CAP presents aerospace education and rocketry workshop
"10, 9, 8, 7, 6, 5, 4, 3, 2, 1 ... Launch, launch, launch!" Could be heard at the Frank E. Mackle Community Park Center on Marco Island as the assembled rocket-builders shouted out the countdowns. "Another successful launch! This one reached the basketball court roof. Great job young rocketeers!" exclaimed Major Baker.
For the third year in a row, Camp Mackle Director Heather Lopez invited the Marco Island Civil Air Patrol (CAP) officers to conduct Aerospace Education and Rocketry workshops in June and July 2018. This year, the campers were between the ages of 6 to 10. Many great counselors were helping the 60-plus children with the different tasks. The program, organized by Major Jesse Baker, began with a presentation of the services that Civil Air Patrol provides to the community and the three main missions that guide us: Aerospace education, cadet programs and emergency services.
The squadron constantly practices search and rescue exercises to be always "mission ready." Major Baker explained our air patrols and training missions over the Wilderness Water Way of the 10,000 Islands and parts of the Everglades, as well as Marco Island.
Major Baker said, "When on a mission, we are always including surveillance of boaters, kayakers and campers who may be in distress. We report any sightings, along with the GPS coordinates, to our mission base who in turn will alert the Coast Guard. He further explained that we support Homeland Security by participating in training exercises to protect our coastline and airports."
Additional emphasis was put on the CAP cadet program. "Our Cadets can learn how to fly airplanes and gliders, and earn various scholarships through the CAP," said Maj. Baker.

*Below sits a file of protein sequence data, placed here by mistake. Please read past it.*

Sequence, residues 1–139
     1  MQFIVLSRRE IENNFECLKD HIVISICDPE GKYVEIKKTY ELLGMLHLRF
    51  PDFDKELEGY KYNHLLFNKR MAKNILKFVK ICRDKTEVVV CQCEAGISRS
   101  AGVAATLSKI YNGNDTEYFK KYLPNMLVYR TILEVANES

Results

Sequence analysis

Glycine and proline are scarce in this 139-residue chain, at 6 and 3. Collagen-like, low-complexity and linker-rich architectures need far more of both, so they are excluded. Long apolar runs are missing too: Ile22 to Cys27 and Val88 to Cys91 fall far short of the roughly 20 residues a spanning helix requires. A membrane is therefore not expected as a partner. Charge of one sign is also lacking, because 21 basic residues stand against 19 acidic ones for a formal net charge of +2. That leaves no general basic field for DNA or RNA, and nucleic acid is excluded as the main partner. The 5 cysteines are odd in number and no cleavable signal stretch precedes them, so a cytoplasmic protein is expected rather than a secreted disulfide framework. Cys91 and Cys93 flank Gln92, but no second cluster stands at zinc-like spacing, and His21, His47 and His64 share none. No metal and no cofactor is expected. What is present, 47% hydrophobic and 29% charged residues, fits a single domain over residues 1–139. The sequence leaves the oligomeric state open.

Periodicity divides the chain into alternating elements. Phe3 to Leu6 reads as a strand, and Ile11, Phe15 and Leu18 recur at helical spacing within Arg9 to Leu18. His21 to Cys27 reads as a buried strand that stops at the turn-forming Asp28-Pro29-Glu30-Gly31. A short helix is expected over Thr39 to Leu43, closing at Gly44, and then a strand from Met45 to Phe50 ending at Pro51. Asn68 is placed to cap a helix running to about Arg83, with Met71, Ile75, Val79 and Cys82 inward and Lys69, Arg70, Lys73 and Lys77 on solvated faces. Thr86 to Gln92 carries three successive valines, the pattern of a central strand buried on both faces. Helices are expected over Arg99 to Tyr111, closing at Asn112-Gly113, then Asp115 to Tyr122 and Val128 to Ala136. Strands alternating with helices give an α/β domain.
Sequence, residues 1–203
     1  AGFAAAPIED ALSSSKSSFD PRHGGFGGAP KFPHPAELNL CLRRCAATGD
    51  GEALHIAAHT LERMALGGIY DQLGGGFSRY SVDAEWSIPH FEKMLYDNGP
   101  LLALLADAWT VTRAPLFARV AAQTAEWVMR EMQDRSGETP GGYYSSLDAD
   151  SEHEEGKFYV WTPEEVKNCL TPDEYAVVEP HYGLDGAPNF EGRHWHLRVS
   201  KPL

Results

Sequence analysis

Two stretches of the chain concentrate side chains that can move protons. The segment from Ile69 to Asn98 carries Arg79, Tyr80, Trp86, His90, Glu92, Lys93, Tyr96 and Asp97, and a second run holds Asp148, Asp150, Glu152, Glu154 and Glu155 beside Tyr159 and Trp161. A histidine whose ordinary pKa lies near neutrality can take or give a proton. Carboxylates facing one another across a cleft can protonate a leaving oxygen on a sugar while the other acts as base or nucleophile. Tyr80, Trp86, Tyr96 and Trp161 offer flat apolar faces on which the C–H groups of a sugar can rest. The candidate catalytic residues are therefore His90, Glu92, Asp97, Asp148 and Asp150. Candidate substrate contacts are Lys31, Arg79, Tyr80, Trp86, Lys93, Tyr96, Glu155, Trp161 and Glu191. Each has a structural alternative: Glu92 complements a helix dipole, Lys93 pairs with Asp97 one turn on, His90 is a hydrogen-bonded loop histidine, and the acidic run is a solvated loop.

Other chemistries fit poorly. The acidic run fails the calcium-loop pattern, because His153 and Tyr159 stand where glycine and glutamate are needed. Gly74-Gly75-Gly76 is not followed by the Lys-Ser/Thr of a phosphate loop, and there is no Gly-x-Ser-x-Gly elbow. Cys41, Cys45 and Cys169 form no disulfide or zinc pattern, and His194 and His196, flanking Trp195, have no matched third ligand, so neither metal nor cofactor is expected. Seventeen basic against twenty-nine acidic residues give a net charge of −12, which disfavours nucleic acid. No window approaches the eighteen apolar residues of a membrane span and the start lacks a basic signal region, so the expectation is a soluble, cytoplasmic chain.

Maj. Ray James and Lt. Col. Tommy Meeker, members of the flight crews and wearing their distinctive, fireproof USAF flight suit, gave an overview of the kind of gear, planning and teamwork needed to fly a search and rescue mission. Finally, Maj. Marian Motyl-Szary explained the important role aerial photography could have after a disaster.
Maj. Baker presented the scaled models of the different types of rocket engines and discussed their differences and applications.
After all the talking, we finally arrived to the fun part and the most important part of the workshop: building air-powered paper rockets. This exercise teaches the participants the principles of aerodynamics as well as teamwork and experimentation. The campers were provided with paper, tape and small rods used to form the rocket fuselage. The group went right into the production and assembly of their own rockets. Once the fuselage, fins and nose cone were assembled and taped together, everyone went out to the launch pad or basketball court.
Working in two-person crews each child had a turn pressurizing and launching their rockets. The "fuel" or air pressure was provided by a launching contraption where a large bicycle pump was connected to a pipe assembly. Due to the "unique" nature of each individual final design, the rockets flew like arrows the length of the court, gaining lofty altitudes, or corkscrewed in an erratic flight path.
Maj. Baker concluded: "Everyone had a great time. Looking ahead, I'd say I could see here: future engineers, commercial pilots and scientists. The sky's the limit."